(d) Where to file: all communications pursuant to this subpart shall be addressed to the attention of the product jurisdiction officer. Such a request, in its mailing cover should be plainly marked “Request for Designation.” Concurrent submissions of electronic copies of Requests for Designation may be addressed to combination@fda.gov.

[56 FR 58756, Nov. 21, 1991, as amended at 68 FR 37077, June 23, 2003; 70 FR 49861, Aug. 25, 2005]

§3.8   Letter of designation.

(a) Each request for designation will be reviewed for completeness within 5 working days of receipt. Any request for designation determined to be incomplete will be returned to the applicant with a request for the missing information. The sponsor of an accepted request for designation will be notified of the filing date.

(b) Within 60 days of the filing date of a request for designation, the product jurisdiction officer will issue a letter of designation to the sponsor, with copies to the centers, specifying the agency component designated to have primary jurisdiction for the premarket review and regulation of the product at issue, and any consulting agency components. The product jurisdiction officer may request a meeting with the sponsor during the review period to discuss the request for designation. If the product jurisdiction officer has not issued a letter of designation within 60 days of the filing date of a request for designation, the sponsor's recommendation of the center with primary jurisdiction, in accordance with §3.7(c)(3), shall become the designated agency component.

(c) Request for reconsideration by sponsor: If the sponsor disagrees with the designation, it may request the product jurisdiction officer to reconsider the decision by filing, within 15 days of receipt of the letter of designation, a written request for reconsideration not exceeding 5 pages. No new information may be included in a request for reconsideration. The product jurisdiction officer shall review and act on the request in writing within 15 days of its receipt.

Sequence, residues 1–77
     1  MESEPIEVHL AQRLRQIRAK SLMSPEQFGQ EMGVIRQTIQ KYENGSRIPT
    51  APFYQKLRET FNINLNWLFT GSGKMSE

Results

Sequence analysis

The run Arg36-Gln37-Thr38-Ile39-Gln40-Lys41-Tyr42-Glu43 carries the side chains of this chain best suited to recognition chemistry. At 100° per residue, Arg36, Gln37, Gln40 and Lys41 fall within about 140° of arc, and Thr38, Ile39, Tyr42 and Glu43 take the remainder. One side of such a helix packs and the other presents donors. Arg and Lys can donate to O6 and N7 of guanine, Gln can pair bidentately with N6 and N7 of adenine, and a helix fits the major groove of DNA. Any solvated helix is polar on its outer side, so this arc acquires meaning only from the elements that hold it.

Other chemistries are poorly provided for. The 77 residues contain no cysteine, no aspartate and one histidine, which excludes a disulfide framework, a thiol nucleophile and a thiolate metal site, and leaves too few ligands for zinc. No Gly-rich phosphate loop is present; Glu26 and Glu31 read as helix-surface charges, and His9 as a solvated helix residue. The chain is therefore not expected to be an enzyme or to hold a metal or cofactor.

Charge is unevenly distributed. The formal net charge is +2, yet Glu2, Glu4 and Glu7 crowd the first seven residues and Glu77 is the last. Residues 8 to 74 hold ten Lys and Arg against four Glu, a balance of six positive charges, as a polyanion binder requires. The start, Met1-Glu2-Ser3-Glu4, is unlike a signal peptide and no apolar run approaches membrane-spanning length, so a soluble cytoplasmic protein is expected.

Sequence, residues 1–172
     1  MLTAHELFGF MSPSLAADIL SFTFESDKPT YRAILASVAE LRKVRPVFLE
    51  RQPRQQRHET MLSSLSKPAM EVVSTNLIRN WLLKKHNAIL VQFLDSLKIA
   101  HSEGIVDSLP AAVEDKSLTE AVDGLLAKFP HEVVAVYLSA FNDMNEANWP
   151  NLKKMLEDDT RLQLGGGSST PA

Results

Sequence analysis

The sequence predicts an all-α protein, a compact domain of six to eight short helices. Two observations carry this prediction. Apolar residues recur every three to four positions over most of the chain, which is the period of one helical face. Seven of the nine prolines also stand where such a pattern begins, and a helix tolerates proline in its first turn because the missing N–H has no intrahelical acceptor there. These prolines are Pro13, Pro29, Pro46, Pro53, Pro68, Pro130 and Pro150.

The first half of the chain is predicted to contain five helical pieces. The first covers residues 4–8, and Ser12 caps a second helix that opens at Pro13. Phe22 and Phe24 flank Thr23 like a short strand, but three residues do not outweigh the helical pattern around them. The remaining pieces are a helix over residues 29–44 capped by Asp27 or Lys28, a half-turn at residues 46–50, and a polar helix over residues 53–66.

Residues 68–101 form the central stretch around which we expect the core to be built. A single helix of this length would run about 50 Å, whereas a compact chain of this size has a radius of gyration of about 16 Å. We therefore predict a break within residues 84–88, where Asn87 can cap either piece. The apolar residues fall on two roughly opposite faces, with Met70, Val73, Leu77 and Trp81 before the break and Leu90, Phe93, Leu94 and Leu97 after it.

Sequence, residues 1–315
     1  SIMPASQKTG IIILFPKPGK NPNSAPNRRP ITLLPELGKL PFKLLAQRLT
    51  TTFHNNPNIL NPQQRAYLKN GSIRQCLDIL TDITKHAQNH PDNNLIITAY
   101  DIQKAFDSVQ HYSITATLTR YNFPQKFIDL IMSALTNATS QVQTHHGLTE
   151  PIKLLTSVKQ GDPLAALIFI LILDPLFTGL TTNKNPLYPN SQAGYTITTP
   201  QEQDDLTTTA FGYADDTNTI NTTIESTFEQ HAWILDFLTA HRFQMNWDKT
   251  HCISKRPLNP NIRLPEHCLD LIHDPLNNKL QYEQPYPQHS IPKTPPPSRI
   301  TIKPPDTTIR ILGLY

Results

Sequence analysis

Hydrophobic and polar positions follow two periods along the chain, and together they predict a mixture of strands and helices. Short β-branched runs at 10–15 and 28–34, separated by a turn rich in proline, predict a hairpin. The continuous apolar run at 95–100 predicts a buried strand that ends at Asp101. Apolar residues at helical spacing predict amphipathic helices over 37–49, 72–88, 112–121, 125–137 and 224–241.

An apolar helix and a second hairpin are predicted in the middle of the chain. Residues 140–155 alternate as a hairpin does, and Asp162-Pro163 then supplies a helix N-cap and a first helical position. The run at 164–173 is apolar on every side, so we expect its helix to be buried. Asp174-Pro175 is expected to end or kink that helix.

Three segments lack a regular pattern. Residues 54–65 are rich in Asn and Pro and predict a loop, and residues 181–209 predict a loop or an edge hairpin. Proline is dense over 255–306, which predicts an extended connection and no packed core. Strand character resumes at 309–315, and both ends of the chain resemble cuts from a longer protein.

§3.9   Effect of letter of designation.

(a) The letter of designation constitutes an agency determination that is subject to change only as provided in paragraph (b) of this section.

(b) The product jurisdiction officer may change the designated agency component with the written consent of the sponsor, or without its consent to protect the public health or for other compelling reasons. A sponsor shall be given 30 days written notice of any proposed nonconsensual change in designated agency component. The sponsor may request an additional 30 days to submit written objections, not to exceed 15 pages, to the proposed change, and shall be granted, upon request, a timely meeting with the product jurisdiction officer and appropriate center officials. Within 30 days of receipt of the sponsor's written objections, the product jurisdiction officer shall issue to the sponsor, with copies to appropriate center officials, a written determination setting forth a statement of reasons for the proposed change in designated agency component. A nonconsensual change in the designated agency component requires the concurrence of the Principal Associate Commissioner.

[56 FR 58756, Nov. 21, 1991, as amended at 68 FR 37077, June 23, 2003]

§3.10   Stay of review time.

Any filing with or review by the product jurisdiction officer stays the review clock or other established time periods for agency action for an application for marketing approval or required investigational notice during the pendency of the review by the product jurisdiction officer.

Subpart B [Reserved]